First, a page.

Taiwan is planning to lift a ban on surgical mask exports on Monday next week, Deputy Minister of Health and Welfare Hsueh Jui-yuan (薛瑞元) said yesterday, as the Central Epidemic Command Center (CECC) reported no new cases of COVID-19 infection.
Once the CECC has confirmed the volume of masks it needs to requisition, it would finalize the plan to allow mask exports, likely later in the week, said Hsueh, who heads the center’s medical response division.
Taiwan instituted a mask rationing system in February, at the onset of the COVID-19 outbreak.
As the supply of masks is now sufficient to meet basic consumer demand, the government would allow manufacturers to sell surplus masks to buyers at home or overseas, Hsueh said.
However, the rationing system that limits each adult to nine masks every two weeks would remain in place, the CECC said.
No new cases were confirmed yesterday, said Minister of Health and Welfare Chen Shih-chung (陳時中), who heads the center, adding that a total of 415 infected patients have been released from isolation, while only 19 people remain hospitalized.
As there have been no domestic cases for 43 straight days and no new cases for four consecutive days, the number of people placed under home isolation for coming into close contact with a confirmed case dropped to zero yesterday, he said.
A total of 9,308 people had been put under home isolation since the nation’s first case was confirmed in January, 115 of whom later tested positive for COVID-19, he said.
“There are still 9,551 people under home quarantine,” Chen said, adding that a total of 138,254 people have been placed under quarantine since the outbreak began.
The number of quarantined people peaked in late March, when more than 55,000 people were under quarantine at the same time, but that number has stabilized at about 10,000 people recently, he said.
A total of 2,390 people are still under self-health management, while 50,341 people had been asked to perform self-health management since January, Chen said.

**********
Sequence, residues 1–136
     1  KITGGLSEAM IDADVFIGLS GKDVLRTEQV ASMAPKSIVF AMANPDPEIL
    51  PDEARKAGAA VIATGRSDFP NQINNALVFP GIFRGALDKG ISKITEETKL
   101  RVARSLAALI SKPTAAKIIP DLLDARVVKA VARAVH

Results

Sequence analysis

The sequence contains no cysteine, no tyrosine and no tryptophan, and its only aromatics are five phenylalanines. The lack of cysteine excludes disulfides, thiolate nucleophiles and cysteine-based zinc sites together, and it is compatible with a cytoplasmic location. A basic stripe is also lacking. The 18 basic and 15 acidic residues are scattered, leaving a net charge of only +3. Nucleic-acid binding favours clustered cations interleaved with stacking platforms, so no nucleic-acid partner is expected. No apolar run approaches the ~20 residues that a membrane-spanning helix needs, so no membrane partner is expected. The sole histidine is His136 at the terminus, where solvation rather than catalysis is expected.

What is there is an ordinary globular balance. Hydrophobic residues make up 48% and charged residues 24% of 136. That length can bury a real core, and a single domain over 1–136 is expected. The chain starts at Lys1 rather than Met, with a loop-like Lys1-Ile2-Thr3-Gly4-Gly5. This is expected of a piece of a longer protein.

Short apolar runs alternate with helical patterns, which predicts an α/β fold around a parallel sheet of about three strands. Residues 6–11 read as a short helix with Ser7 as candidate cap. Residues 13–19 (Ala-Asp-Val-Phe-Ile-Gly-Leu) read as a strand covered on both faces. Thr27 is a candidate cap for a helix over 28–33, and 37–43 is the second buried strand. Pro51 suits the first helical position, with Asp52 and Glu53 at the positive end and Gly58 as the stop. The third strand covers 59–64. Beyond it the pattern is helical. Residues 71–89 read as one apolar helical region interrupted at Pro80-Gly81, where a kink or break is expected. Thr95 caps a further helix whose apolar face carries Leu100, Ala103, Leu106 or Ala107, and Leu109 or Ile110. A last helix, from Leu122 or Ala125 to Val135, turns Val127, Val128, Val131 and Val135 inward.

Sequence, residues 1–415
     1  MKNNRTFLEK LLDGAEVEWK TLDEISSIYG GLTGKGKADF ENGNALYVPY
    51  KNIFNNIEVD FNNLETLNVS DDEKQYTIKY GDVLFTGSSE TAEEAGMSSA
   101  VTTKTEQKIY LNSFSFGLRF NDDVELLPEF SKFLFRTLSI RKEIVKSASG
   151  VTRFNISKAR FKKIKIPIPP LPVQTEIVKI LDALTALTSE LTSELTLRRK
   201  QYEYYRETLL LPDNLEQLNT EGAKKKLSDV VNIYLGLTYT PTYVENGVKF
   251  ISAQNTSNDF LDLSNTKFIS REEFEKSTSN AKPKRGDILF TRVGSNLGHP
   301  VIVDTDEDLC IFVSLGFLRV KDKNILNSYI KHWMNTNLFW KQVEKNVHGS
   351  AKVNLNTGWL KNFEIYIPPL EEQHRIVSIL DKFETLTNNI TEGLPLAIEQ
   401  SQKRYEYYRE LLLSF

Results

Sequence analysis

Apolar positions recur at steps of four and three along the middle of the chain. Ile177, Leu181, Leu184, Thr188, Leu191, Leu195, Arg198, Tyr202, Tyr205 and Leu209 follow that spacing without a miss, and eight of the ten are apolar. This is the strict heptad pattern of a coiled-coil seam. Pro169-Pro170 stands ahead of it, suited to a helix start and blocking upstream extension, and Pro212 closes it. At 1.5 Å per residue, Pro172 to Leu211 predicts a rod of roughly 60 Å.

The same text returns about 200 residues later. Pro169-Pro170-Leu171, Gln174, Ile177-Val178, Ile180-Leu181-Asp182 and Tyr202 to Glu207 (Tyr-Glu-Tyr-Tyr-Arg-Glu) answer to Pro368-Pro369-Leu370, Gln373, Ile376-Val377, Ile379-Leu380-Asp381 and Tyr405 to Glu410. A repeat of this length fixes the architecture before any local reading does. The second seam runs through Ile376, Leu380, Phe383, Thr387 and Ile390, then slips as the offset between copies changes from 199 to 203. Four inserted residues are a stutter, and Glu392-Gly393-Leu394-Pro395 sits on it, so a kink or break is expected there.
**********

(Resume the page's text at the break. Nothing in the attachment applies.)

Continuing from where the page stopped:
CECC specialist advisory panel convener Chang Shan-chwen (張上淳) said that being placed in a negative-pressure isolation ward might cause stress to some patients, so social workers and counselors have been visiting the wards to talk to patients.
As Taiwan is relatively safe from COVID-19 infection, restrictions on visiting psychiatric wards have been relaxed, Chen said.
Visitors should make a reservation in advance and register their names and personal data; have their body temperature taken when entering the hospital; disinfect their hands; and cooperate with travel, occupation, contact, cluster assessment and other infection control measures.
Each patient is allowed only one visit per day and only one group of visitors — up to two people — would be allowed in the visiting area at the same time, while all visitors and patients must wear masks during visits.
Disease prevention measures for businesses can be gradually relaxed if they can ensure that people keep a distance of 1.5m indoors and 1m outdoors or wear masks, or if they can place dividers between people, the CECC said.
The safest way would be to implement all three measures at the same time alongside a real-name registration system, it said, adding that businesses should try to meet at least one of the three measures and enforce real-name registration, and gradually relax or modify their measures according to their effects and the risks involved.
Additional reporting by CNA
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